Nev. Admin. Code § 375.150 - Examples of methods of determining value or tax base

The following examples are given to illustrate methods of determining value or the tax base on which to compute any tax imposed by chapter 375 of NRS:

1. "A," the owner of a residence, sold the residence for $250,000. The tax is based on $250,000, the amount paid for the property.
2. "A," the owner of certain real estate, sold it to "B" for $144,000. "B" paid the amount of $25,000 in cash, leaving a balance of $119,000, and "A" gave "B" a deed to the property. The tax is computed on $144,000, the amount paid or to be paid.
3. The holder of a trust deed in the amount of $120,000 foreclosed upon the property securing the deed. At the foreclosure sale, because of taxes and additional expenses incurred, the trustee bid $122,500, and a trustee's deed was issued to the beneficiary. The beneficiary then accepted a mortgage in the amount of $125,000 as consideration for the retransfer of the property to the former owner. The tax on the trustee's deed should be computed on the amount bid for the property plus any costs, in this example $122,500. The deed from the beneficiary to the former owner of the property is a conveyance of realty sold, and the tax should be computed upon the amount paid, namely $125,000.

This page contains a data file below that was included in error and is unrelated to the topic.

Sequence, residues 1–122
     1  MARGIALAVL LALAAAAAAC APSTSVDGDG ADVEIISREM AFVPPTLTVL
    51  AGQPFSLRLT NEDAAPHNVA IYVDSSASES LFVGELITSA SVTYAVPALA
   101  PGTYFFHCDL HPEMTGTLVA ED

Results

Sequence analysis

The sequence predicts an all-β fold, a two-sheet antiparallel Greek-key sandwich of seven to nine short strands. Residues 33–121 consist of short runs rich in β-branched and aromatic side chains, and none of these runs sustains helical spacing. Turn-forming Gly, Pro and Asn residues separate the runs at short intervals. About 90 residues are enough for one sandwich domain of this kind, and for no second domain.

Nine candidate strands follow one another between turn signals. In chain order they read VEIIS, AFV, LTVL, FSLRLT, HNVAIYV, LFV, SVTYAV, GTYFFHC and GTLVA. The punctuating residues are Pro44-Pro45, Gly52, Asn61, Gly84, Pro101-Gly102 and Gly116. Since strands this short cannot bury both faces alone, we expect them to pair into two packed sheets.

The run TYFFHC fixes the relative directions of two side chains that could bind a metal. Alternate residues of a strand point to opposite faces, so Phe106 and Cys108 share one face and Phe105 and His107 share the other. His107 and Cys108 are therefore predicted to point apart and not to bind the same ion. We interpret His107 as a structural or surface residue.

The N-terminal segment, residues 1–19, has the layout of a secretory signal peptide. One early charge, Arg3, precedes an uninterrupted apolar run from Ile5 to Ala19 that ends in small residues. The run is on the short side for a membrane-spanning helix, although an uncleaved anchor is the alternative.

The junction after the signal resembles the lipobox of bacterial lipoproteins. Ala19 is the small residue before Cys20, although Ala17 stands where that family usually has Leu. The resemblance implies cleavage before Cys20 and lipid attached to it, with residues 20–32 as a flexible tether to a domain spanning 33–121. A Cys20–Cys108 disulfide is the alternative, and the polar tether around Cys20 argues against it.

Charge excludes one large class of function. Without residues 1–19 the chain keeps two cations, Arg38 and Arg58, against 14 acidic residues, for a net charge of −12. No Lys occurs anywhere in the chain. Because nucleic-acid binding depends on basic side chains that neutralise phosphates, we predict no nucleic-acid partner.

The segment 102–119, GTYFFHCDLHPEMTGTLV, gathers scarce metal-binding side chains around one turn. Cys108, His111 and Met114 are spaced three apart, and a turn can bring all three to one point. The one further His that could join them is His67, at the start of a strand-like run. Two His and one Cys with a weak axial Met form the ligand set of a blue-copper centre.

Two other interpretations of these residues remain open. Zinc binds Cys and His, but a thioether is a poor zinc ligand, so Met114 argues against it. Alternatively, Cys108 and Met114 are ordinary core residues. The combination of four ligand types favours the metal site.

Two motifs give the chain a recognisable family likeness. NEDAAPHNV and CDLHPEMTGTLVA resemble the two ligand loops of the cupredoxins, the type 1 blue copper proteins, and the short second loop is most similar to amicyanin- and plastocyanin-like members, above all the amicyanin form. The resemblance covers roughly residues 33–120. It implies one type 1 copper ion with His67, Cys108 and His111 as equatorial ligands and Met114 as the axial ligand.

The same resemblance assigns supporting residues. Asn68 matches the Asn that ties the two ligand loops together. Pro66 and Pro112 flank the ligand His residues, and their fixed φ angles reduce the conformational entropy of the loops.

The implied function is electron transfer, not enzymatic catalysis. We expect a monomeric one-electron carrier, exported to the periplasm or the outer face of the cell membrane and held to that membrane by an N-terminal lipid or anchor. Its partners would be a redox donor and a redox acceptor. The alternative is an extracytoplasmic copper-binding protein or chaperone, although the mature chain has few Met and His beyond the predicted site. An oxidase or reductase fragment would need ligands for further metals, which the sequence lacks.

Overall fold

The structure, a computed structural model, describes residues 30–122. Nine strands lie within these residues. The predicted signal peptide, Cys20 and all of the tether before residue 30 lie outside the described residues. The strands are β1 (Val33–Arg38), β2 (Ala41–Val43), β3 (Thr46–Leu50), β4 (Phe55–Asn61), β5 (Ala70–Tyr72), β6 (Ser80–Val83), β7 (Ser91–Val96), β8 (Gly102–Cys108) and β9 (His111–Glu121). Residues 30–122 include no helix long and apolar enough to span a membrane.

4. For a full purchase price of $500,000, "A" conveys to "B" land on which there is an encumbrance of $410,000 at the time of sale. "A" signs a contract agreeing to pay off the encumbrance at a later date. The deed of conveyance from "A" to "B" is subject to tax on the full purchase price of $500,000. The fact that the seller retained a contractual obligation on the property does not diminish the amount that "B" will pay, $500,000.
5. "A," the owner of certain real estate, sold it to "B" for a consideration of $240,000. "B" paid the amount of $125,000 in cash, leaving a balance due of $115,000. "A" accepted bonds of the Home Owners' Loan Corporation for the balance of $115,000 and gave "B" a deed to the property. The tax is based on the total purchase price of $240,000, the $125,000 in cash and the $115,000 value of the bonds.